Cardiorespiratory endurance is a measurement of how well your heart, lungs and muscles work together to keep your body active over an extended period of time. Exercisers can improve cardiorespiratory endurance by participating in a program of regular aerobic exercise. Improved cardiorespiratory fitness provides numerous health benefits.
When experts test cardiorespiratory endurance in a lab, they measure how well your heart and lungs deliver oxygen to your working muscles so that they can work hard during exercise.
When your muscles don’t get the nutrients they need, waste products build up and cause fatigue.
So how do scientists measure cardiorespiratory endurance? Sometimes they test the air that you breathe out during vigorous exercise. By analyzing your exhaled air, they can estimate how efficiently your muscles are using oxygen. But this procedure, called a VO2 max test, requires that you work at an extremely vigorous intensity. So the test isn’t safe for everyone. Generally a VO2 max test is performed in a laboratory setting, often in a hospital or medical clinic.
If you’re not sure how you would fare in a test to measure your cardiovascular fitness, don’t worry. You can probably estimate the result by evaluating your daily activity level. If you are physically active on a daily basis, you will do better than someone who is sedentary. If you’ve been sedentary for a long time or if you have a heart or lung problem, you should see your doctor before you try to improve your cardiorespiratory endurance.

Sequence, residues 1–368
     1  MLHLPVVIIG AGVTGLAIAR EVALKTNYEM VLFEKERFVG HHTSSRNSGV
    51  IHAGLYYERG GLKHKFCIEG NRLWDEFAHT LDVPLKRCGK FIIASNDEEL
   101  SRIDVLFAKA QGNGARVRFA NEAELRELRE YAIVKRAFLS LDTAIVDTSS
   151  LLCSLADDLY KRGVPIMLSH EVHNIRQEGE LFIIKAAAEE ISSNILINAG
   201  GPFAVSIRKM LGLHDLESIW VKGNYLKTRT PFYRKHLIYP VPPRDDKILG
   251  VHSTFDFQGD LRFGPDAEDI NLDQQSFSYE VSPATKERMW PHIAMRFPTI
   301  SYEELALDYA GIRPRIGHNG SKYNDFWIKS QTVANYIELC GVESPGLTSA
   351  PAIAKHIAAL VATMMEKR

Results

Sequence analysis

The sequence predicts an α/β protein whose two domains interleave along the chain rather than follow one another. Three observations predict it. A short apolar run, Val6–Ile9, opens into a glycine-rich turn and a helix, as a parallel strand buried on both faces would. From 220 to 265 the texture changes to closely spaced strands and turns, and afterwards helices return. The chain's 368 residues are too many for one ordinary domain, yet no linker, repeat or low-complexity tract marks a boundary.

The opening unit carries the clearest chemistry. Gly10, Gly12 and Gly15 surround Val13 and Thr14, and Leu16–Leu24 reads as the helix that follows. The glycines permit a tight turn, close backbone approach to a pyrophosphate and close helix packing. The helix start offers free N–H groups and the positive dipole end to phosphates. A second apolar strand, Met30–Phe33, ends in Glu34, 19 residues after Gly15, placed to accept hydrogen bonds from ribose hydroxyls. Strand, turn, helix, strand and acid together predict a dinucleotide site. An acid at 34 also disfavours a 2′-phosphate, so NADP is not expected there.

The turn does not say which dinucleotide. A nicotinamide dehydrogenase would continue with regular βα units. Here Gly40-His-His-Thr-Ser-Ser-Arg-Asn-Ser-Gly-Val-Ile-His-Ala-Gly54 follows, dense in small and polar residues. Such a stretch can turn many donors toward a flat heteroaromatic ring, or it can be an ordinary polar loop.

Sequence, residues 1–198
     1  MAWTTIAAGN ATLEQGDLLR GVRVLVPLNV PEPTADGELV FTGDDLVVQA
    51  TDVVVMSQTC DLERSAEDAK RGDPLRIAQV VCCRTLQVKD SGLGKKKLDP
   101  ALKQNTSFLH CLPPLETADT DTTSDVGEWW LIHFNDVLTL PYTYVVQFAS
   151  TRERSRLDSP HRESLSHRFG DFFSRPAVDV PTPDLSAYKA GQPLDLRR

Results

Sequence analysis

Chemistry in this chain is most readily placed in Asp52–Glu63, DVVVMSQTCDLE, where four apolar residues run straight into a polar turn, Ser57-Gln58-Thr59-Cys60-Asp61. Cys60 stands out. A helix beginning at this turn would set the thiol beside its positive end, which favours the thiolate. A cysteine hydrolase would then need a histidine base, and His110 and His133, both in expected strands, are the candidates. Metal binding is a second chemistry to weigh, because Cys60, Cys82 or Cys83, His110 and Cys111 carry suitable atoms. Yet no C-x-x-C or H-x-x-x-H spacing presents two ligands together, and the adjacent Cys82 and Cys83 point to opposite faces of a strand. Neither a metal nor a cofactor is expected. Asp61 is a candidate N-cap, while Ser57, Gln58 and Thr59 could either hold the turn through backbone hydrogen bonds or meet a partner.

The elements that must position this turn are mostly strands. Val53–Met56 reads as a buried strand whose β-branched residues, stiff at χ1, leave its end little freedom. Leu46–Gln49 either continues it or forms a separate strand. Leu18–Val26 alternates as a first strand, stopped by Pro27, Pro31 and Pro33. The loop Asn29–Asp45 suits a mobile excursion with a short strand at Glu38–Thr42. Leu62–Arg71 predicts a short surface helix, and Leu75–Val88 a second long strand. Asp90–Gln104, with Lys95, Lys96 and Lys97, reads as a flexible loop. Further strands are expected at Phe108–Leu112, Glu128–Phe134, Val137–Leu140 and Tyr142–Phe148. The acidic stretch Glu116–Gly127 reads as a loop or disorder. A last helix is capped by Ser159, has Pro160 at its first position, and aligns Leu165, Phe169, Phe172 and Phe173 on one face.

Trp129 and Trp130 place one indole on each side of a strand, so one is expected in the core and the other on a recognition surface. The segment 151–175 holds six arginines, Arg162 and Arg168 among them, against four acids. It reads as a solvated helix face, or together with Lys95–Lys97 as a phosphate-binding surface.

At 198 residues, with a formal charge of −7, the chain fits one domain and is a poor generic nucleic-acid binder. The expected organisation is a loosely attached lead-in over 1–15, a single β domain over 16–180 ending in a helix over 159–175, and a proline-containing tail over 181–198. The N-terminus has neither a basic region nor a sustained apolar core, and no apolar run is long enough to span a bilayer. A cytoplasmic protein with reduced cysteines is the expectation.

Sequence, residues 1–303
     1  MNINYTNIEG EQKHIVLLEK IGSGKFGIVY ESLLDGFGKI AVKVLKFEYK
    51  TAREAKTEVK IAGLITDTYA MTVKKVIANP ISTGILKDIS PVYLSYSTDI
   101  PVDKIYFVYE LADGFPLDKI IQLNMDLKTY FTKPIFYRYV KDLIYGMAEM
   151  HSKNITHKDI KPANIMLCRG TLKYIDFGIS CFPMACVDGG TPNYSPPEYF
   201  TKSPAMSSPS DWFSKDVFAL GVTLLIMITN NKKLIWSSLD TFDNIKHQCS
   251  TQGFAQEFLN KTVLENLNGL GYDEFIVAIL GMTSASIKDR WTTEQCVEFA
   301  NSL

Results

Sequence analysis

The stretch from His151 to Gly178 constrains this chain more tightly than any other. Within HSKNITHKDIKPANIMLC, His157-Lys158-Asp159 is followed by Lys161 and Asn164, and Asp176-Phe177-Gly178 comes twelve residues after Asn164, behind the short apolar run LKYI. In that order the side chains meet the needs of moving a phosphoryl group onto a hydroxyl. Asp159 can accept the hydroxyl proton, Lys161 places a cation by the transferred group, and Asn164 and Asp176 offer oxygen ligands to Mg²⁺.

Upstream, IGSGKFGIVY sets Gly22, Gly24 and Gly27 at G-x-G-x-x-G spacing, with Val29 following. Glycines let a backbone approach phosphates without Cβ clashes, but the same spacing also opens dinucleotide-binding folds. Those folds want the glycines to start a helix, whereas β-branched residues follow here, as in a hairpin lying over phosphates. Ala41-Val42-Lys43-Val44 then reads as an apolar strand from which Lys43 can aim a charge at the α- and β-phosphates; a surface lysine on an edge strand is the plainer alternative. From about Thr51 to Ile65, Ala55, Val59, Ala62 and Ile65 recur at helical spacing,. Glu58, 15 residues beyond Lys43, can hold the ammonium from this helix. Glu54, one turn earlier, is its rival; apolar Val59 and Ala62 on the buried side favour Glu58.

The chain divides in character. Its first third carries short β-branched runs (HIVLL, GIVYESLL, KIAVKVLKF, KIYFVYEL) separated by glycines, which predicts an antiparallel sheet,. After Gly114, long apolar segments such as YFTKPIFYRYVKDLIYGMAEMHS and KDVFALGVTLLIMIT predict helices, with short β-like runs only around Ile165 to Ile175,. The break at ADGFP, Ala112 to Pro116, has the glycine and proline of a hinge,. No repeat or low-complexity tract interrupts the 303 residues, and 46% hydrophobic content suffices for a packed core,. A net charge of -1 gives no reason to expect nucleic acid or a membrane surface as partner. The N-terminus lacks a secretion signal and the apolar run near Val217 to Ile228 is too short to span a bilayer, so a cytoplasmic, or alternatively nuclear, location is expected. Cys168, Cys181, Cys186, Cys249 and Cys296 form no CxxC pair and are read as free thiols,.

Once you know that you are healthy enough for exercise, then it’s time to boost your heart and lung health. You can do simple beginner workouts at home, walk or jog outside with friends, or join a gym to swim or take an aerobics class.
Try to choose activities that you enjoy. You can also ask a friend or family member to join you on your sessions. Social support will help you stay on track and makes each work out more enjoyable.
When you first start exercising, begin slowly with just a few minutes of easy or moderate activity two or three times per week. You’ll improve your cardiorespiratory endurance each time you do aerobic activities that increase your heart rate and cause you to breathe deeply. Try to be consistent with your program as possible and gradually add time to your sessions. Eventually try to increase your activity level so that you are doing some form of cardiorespiratory exercise each day of the week.
You’ll find that exercise becomes easier as you participate more often.
If you want to see how your cardiorespiratory endurance is improving over time, talk to your doctor about getting it tested in a clinic. Or talk to your personal trainer to see what options are available at your local gym. For many exercisers, tracking progress provides an important incentive to keep moving.